Scott Korinke's blog

Album Review: I Was on the Moon, by Owen Plant

I Was on the Moon, Owen Plant

I Was on the Moon

I Was on the Moon is the 7th release by Owen Plant, a folk-pop artist from Georgia with a 15 year career. The folk side of Plant takes center stage on his latest release, a melancholy set of laidback, introspective folk songs. The tunes are emotional but not distraught, optimistic but not exuberant, exhibiting small-town charm alongside radio friendly melodies. Overall, the album offers melancholy vibes to put the listener into a peaceful state of mind. The best track on the album is probably "Riverside," a song about finding peace and happiness by living the simple life "down by the riverside," as the chorus sings. "Unfettered Untied" is another fun and upbeat standout, while the slow, deliberate yet thoroughly enjoyable track "Ride With Me" allows Plant to display his considerable vocal talents. The final track on the album is a surreal, mysterious, and nearly pyschadelic take on Bill Withers' classic song "Ain't No Sunshine." For fans of folk artists such as Ben Harper and Amos Lee, I Was on the Moon is definitely an enjoyable and reccommendable listen.

Album Review: All People (self-titled)

All People

All People

The self-titled LP All People is the second full-length release from the independent bandcamp rock group in as many years. Lasting just under a half-hour, the nine tracks hit hard, fast, and with purpose, pulling together emotional themes about mental anxiety and feeling out of place while staying positive and uplifting. The group works very well together, managing to convey their emotions effectively through the inspired combination of pop-punk and dreamy, synth-heavy alternative sounds. The first two tracks on the LP, "Slow" and "Plain Essential Language," are about being unable to sleep and being misunderstood by the world around them, respectively. The two tracks bring to mind Sonic Youth's Daydream Nation album in both theme and sound. "Naught," the third song, is quite the standout, beginning with a funky guitar beat and ending with one of the more memorable choruses, with lead singer Daniel Ray pleadingly asking "Was it all for Naught?"

Album Review: Goody Bag, by Lew Hopson

Goody Bag, released by Houston-based R&B artist Lew Hopson, is the third full-length relase in his short career. The musical spectrum on the album ranges from melodic and thoughtful low-tempo R&B to righteous rockers such as title and lead track "Goody Bag." Lew Hopson's solid but unspectacular vocals anchor the album throughout, while multi-instrumentalist Tom Moncrieff handles the majority of the instrumentation, including the recorded Guitars, Drums, and Horns. Moncrieff also chips in on the writing front, although Hopson pens the majority of the songs. Taken as a whole, the album gives off a laid back and optomistic vibe, especially on the tunes "Best Best Friend" and "Learn to Let Go," both of which are hopeful and insipirational jams. Overall, the album is enjoyable, if not groundbreaking R&B, perfect for a lazy, sunny afternoon, and a welcome addition to an R&B collection. 

Album Review: Yours, Dreamily, by The Arcs

Yours, Dreamily

Yours, Dreamily

Yours, Dreamily, the first full-length release from Dan Auerbach's side project The Arcs, finds Auerbach dabbling with Spanish Rock on several dreamy jams full of expirementation. The album kicks of with lead single Outta My Mind, by far the most mainstream tune on the album, with its lyrics conveying Auerbach's life story in the midst of repeating guitar solos. However, the album immediately branches off, replacing guitar solos with fuzzy, dreamlike guitar chords and expiremental melodies far from the mainstream. Much of the lyrics, especially on "Pistol Made of Bones," are full of elaborate imagery that adds to the mysterious vibe. The album clearly has a Latin and Spanish influence, from the album cover to the lyrics. Standout tracks include "The Arc," with sounds most reminiscent of the Black Keys, and "Searching the Blue," the last track and the best example of a psychadelic slow jam on the album. Overall, Yours, Dreamily, is another win for Dan Auerbach, who is slowly but surely cementing himself as a 21st century rock icon.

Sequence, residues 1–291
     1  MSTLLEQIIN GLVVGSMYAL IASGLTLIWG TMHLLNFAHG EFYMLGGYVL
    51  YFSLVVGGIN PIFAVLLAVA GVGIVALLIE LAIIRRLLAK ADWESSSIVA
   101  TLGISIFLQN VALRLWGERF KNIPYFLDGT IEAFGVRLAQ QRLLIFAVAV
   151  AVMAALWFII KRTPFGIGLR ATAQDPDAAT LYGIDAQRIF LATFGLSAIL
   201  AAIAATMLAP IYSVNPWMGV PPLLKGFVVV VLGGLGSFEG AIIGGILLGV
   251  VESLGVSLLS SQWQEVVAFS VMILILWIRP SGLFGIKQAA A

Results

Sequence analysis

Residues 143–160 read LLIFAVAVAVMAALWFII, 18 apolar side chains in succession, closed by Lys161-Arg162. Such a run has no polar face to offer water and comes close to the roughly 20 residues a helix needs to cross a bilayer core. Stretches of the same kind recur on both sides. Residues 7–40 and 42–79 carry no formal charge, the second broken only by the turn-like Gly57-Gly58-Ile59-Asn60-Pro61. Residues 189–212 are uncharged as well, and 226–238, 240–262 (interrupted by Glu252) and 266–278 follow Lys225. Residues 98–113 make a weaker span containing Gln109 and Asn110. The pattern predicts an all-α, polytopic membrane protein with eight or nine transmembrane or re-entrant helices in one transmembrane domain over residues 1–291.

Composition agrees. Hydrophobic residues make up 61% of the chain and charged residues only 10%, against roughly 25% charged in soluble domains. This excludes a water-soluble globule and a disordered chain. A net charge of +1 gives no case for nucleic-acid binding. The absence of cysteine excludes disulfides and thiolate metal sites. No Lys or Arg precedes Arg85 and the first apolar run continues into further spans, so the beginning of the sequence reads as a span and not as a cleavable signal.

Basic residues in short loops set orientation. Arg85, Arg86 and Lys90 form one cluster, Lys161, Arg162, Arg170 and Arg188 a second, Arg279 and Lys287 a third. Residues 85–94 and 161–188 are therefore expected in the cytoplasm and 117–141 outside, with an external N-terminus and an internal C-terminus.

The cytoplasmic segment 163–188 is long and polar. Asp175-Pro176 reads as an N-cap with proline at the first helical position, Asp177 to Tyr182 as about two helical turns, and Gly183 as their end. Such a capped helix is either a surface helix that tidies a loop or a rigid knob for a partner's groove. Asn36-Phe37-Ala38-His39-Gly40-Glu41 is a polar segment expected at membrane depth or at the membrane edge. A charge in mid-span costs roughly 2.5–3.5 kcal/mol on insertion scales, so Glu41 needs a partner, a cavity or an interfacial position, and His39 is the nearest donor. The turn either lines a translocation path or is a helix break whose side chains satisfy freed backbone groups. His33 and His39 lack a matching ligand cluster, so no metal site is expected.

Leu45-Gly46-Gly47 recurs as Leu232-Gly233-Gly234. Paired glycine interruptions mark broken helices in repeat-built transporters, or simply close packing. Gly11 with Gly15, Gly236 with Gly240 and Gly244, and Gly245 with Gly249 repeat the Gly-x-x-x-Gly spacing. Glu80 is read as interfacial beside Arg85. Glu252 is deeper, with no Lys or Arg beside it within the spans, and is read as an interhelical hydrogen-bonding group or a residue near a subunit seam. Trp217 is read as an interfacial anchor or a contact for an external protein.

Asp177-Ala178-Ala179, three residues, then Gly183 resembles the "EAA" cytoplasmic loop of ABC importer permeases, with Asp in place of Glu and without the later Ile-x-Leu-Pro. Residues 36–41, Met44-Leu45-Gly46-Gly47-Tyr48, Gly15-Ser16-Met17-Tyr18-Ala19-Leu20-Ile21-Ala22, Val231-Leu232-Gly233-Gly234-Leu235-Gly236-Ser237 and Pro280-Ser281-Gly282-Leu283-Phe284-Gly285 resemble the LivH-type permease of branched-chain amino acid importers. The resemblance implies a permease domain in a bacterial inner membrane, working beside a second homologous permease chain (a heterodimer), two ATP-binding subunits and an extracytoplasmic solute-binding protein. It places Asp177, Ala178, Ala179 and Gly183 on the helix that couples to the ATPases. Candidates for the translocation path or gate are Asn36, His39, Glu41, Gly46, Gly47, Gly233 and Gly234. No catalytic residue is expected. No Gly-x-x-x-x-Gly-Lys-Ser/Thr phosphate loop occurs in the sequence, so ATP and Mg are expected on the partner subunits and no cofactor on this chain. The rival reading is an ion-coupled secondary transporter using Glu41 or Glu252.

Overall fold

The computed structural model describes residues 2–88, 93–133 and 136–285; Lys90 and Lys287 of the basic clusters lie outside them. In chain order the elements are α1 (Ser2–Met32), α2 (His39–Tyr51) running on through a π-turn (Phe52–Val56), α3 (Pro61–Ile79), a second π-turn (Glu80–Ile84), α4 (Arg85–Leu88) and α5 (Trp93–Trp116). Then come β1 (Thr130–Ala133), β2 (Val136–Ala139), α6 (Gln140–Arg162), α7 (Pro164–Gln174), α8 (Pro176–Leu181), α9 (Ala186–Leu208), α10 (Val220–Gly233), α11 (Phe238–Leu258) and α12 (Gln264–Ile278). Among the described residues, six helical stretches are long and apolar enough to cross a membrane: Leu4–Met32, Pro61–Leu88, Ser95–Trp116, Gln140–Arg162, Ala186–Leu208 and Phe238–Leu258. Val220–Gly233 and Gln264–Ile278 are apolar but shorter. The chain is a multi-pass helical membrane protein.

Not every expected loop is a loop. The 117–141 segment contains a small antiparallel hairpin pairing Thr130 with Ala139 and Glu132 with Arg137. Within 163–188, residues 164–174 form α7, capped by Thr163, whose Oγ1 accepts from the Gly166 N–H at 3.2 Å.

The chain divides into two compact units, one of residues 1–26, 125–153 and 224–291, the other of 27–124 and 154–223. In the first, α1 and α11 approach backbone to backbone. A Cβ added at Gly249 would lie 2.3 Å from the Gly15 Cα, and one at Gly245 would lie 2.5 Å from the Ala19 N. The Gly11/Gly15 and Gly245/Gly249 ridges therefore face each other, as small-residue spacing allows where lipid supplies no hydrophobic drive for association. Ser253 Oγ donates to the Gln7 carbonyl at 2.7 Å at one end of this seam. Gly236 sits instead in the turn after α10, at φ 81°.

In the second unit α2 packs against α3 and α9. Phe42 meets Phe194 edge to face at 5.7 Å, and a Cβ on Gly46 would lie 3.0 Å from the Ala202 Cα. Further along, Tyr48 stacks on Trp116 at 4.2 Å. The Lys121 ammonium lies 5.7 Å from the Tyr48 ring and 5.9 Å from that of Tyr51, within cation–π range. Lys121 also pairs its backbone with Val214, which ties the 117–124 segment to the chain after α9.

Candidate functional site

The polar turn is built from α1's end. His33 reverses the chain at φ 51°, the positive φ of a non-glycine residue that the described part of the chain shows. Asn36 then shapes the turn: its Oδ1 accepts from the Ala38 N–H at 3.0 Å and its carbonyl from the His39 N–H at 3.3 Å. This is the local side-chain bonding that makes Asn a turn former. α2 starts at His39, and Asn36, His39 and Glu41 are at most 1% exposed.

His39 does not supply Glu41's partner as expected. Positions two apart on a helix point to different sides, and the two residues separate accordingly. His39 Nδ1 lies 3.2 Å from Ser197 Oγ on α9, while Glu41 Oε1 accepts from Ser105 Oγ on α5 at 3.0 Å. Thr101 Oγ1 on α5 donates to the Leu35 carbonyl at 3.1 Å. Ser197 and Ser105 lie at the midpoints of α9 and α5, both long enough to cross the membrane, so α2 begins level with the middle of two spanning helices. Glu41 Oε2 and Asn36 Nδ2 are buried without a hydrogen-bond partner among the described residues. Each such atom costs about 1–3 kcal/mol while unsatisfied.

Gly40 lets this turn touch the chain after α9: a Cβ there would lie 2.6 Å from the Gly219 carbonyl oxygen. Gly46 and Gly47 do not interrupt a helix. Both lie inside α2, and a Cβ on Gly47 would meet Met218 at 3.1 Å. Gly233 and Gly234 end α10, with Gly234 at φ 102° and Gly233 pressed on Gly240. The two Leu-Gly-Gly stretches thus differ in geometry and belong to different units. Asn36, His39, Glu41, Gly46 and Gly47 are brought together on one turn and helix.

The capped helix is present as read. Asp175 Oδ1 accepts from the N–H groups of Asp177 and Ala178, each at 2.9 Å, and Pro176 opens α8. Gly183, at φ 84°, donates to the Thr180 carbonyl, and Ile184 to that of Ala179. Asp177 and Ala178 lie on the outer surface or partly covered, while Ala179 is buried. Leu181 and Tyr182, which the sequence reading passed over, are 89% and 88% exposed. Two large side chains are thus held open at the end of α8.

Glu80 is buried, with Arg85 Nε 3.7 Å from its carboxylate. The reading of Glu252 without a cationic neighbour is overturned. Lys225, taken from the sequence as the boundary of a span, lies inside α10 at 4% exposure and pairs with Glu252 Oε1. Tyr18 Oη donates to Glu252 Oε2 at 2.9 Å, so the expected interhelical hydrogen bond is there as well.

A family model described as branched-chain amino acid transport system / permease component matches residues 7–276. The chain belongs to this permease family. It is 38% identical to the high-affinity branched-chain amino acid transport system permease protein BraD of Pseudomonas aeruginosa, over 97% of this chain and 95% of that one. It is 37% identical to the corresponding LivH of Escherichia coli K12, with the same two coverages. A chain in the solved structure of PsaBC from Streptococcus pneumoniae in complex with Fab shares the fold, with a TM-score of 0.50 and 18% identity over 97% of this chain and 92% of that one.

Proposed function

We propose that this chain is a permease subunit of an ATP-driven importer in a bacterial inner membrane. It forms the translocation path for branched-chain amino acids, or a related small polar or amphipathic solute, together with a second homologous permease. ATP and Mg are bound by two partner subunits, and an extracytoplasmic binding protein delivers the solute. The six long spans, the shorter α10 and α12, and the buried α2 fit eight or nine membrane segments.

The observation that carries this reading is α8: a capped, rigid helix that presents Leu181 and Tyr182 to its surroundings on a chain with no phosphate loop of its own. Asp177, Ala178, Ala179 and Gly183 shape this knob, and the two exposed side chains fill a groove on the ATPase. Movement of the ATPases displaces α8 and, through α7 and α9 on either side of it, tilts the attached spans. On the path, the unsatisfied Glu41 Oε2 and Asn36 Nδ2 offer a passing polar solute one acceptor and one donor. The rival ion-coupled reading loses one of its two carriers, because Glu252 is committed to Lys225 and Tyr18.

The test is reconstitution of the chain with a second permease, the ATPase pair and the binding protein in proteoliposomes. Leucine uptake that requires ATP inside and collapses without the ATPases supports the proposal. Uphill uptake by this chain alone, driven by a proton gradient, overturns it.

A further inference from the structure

Album Review: SOULROCKER, by Michael Franti and Spearhead

Over his decades-long career, Davis High School Graduate Michael Franti has spanned a plethora of musical genres, blending hip hop, rock, reggae, funk, and even jazz. On his latest LP, SOULROCKER, Franti adds an electronic dance element to his music, branching out even further from his more acoustic past. This new style comes through best on "We Are All Earthlings," which wouldn't sound out of place at a Miami beach party. The album retains  quite an optimistic tone throughout in regards to both the pleasing pop melodies and the inspiring lyrics, especially on relaxed jam "Still Standing" and the upbeat and energetic "My Lord." While this album is defenitely a new direction for Michael Franti and Spearhead, their are clear connections to their older works. "Summertime Is In Our Hands," recalling the hopeful summertime jams the group became famouos for, sounds like it was taken straight from 2010 LP The Sound of Sunshine. "Good To Be Alive Today" blends the political activism of Franti's career with unrelenting optimism on a very inspring mellow hip-hop track, a clear standout on the album.